- MS (Multiple Sclerosis)
- What are the symptoms of multiple sclerosis (MS)?
- Multiple sclerosis (MS) pattern types and course of the disease
- What are the causes and risk factors of multiple sclerosis (MS)?
- What is the diagnostic process for multiple sclerosis (MS)?
- What is the treatment for MS (multiple sclerosis) attacks, progression and RRMS
- Treatments for specific MS signs and symptoms
- What is the prognosis for multiple sclerosis (MS)?
- What is the difference between multiple sclerosis (MS) and amyotrophic lateral sclerosis (ALS)?
What are the causes and risk factors of multiple sclerosis (MS)?
What are the causes of multiple sclerosis (MS)?
The exact cause of MS is still unknown. It is thought to be an autoimmune disease that is also partly a neurodegenerative condition and is, therefore, not contagious.
An autoimmune disease refers to a condition wherein the immune system mistakenly attacks and damages its own cells whereas a neurodegenerative condition affects neurons in the brain and cause progressive nervous system dysfunction.
With MS, the immune system malfunctions and accidentally destroys myelin as a result. When this protective covering is damaged, nerve fibres are exposed and the messages in the form of nerve impulses travelling along the nerves, within the brain and to and from the brain and body, will be interrupted or blocked. Nerves themselves can also be damaged during this process and may die resulting in permanent damage and loss of function which in turn affect various areas of the body.
It is not yet clear as to why multiple sclerosis develops in some individuals and not in others. Experts believe that a combination of genetics, certain triggers and environmental factors may be responsible.
There are many theories regarding the exact causes of MS but none have yet been conclusively proven.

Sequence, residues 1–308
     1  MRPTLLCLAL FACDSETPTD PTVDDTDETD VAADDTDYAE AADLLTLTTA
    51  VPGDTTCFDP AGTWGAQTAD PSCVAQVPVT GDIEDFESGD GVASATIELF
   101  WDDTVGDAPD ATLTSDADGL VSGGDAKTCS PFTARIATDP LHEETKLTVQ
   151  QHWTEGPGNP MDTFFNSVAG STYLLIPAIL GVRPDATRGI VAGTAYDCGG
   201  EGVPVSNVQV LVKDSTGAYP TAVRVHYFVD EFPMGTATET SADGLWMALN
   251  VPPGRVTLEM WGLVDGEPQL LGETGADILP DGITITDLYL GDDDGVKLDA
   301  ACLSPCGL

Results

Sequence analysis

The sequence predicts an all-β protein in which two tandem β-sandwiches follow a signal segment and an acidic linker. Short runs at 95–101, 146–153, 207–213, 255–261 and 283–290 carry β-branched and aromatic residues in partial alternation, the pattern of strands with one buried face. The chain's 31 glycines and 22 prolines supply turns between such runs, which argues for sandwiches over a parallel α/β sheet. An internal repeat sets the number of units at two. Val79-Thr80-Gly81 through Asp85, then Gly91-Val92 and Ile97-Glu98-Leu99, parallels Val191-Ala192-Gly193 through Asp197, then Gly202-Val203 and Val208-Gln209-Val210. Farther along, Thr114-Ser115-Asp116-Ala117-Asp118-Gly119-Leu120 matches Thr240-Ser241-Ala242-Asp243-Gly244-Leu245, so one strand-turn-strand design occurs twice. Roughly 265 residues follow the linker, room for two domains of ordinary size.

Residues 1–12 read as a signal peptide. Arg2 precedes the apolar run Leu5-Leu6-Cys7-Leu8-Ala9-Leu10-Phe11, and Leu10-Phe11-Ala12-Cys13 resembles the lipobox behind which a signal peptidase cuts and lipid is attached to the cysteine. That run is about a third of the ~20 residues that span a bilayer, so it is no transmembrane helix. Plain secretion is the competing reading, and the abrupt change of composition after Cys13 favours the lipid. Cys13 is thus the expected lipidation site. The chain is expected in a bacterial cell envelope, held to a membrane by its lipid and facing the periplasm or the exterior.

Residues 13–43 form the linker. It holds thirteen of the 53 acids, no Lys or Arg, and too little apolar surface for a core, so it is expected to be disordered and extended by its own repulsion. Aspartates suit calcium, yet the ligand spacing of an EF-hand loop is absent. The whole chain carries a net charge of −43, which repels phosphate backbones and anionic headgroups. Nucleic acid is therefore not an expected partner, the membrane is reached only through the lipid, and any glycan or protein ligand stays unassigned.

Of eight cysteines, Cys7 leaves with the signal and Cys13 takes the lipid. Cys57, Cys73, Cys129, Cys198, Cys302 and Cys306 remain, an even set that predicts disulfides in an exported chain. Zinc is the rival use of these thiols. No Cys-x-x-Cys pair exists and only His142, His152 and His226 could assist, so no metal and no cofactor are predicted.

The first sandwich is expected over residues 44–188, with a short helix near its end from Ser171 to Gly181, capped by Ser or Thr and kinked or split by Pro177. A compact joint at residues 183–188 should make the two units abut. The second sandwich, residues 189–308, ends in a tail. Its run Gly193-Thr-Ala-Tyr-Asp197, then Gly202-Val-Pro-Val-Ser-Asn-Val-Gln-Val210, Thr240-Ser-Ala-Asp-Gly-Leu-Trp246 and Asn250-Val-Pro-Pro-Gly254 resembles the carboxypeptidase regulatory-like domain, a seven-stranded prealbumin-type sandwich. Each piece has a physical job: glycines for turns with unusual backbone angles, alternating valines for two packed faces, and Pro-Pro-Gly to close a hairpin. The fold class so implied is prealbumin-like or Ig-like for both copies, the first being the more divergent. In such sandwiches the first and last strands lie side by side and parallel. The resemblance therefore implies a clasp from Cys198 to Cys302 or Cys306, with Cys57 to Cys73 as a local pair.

The role of the immune system
It is evident from research that the immune system plays a role in the damage done to the spinal cord and brain tissue in patients suffering from MS, however, the specific target that the immune system attacks and the cells of the immune system involved in the resulting damage is not yet fully understood.
Experts and researchers have identified a number of plausible explanations for what these specifics may be. Theories include that a person’s immune system may be:
- Fighting some form of an infectious agent, such as a virus that contains components that mimic functions of the brain, this is known as molecular mimicry.
- Destroying specific brain cells because they are seen as unhealthy.
- Identifying some brain cells as foreign invaders and acting to destroy them – this has been the generally accepted explanation for a number of years.
Research has recently shown that the above explanations (one and two specifically) may have a role to play in the development of multiple sclerosis. There is a specialised barrier known as the blood-brain barrier (BBB), that separates the spinal cord and brain from one’s immune system. Should a break in this barrier occur, as is the case with some brain infections or brain cancers, this will expose the immune system to the brain. When this occurs, the brain might be interpreted as a foreign body by the immune system and subsequently attacked by it.
The following risk factors have been identified as increasing someone’s risk of developing MS:
- Gender – Women are twice as likely to develop MS than men.